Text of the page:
The seven-person committee, led by Cambridge professor Robert Kennicutt, says that Dutch academic astronomy belongs to the global top five. The astronomy practised here is just as good as that in the US, the United Kingdom, Germany, and France.
This conclusion was reached after the astronomy departments of the universities in Amsterdam, Groningen, Leiden, and Nijmegen, and the partnership between these institutes, NOVA (Netherlands Research School for Astronomy), were evaluated. The committee judged the institutes to be ‘exemplary’, the evaluation report reads.
The experts praise NOVA, saying it is one of the top five astronomy institutes in the world. This means the Dutch partnership is at the same level as institutes such as Cambridge and Harvard. According to the committee, NOVA is ‘the only programme in the world’ that has succeeded in uniting the country’s academic astronomers in a coherent research and instrumentation programme.
Led by Kennicutt, the experts have concluded that Dutch astronomy is ahead of the rest of the world when it comes to new and groundbreaking subjects in astronomy, such as the evolution of galaxies at the start of the universe, and the astrophysical interpretation of the first gravity waves.
The committee was also impressed by the innovative way NOVA handles public education on astronomy and how it manages to make young people interested in the sciences. In a chapter about the RUG’s astronomical institute, they also praise the Kapteyn Institute’s PR efforts. The male-to-female ratio at the RUG department was also complimented.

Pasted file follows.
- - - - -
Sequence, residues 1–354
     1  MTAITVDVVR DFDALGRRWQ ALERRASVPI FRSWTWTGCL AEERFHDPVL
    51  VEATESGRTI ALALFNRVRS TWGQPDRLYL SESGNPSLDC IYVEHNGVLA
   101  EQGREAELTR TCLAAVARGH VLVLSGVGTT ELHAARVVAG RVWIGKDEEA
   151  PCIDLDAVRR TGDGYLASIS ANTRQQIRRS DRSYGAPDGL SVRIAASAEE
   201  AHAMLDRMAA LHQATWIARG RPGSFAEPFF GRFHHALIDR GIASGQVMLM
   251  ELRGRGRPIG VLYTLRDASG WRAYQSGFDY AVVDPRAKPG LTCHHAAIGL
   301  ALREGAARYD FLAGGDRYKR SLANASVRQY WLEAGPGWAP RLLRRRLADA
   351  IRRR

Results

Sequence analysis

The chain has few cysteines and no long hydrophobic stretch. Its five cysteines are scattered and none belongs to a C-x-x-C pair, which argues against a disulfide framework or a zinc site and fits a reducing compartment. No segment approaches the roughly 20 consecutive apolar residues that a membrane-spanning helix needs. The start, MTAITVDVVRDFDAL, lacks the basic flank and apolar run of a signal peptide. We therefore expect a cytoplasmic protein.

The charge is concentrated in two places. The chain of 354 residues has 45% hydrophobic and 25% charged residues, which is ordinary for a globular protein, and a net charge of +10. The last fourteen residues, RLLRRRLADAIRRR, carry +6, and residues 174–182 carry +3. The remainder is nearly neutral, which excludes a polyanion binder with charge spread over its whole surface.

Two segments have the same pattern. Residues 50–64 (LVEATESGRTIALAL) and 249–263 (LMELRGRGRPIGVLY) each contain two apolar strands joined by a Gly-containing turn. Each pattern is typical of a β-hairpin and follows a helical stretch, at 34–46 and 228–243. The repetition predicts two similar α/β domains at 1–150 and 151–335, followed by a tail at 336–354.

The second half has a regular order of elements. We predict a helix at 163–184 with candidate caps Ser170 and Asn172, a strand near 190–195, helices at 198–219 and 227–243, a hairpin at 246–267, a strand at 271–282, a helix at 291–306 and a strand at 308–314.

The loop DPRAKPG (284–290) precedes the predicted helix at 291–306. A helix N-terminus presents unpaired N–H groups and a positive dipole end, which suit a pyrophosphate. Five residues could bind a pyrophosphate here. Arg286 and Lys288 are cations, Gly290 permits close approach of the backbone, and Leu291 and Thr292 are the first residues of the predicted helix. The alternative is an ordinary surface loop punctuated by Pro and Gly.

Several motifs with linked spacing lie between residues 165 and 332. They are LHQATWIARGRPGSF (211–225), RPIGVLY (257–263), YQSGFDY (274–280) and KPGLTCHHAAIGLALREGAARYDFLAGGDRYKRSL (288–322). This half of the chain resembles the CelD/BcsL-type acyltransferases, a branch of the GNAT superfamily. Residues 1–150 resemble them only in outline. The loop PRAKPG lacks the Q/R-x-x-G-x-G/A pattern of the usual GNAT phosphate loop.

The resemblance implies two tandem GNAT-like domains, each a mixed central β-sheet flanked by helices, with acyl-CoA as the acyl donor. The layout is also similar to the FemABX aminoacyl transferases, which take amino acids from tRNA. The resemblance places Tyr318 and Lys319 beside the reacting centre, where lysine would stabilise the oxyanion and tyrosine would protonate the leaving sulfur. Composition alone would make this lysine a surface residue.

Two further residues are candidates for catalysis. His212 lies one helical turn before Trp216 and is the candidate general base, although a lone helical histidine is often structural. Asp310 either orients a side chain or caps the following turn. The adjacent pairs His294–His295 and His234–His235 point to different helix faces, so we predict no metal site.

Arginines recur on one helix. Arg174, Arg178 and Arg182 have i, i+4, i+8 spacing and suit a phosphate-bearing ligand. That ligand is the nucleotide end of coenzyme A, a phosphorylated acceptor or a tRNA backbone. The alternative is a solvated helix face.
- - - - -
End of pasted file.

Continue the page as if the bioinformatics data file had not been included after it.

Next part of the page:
The origins of the Milky Way
The Kapteyn Institute also scores high when it comes to research quality. According to the committee, it has improved immensely over the past few years. The experts praise Amina Helmi’s research into the origins of the Milky Way, for example.
Scott Trager, director at the Kapteyn Institute and board member at NOVA, is ‘very proud’ of the evaluation committee’s laudatory words. ‘This evaluation proves that national partnerships can lead to a very strong international reputation and influence, and that the Kapteyn Institute is an important player, both nationally and internationally.’
Helmi is also overjoyed at the evaluation. ‘It’s great to see our work acknowledged outside of the Netherlands’, she responded enthusiastically. ‘And to think that one of the committee members is a Nobel Prize winner (ed.: Brian Schmidt). To hear them praise the work we do here is just really special.’
The committee visited the Netherlands in 2016 to evaluate the various academic astronomy institutes. A similar evaluation took place in 2010. Then, too, their verdict was that the Dutch field of astronomy was one of the best in the world.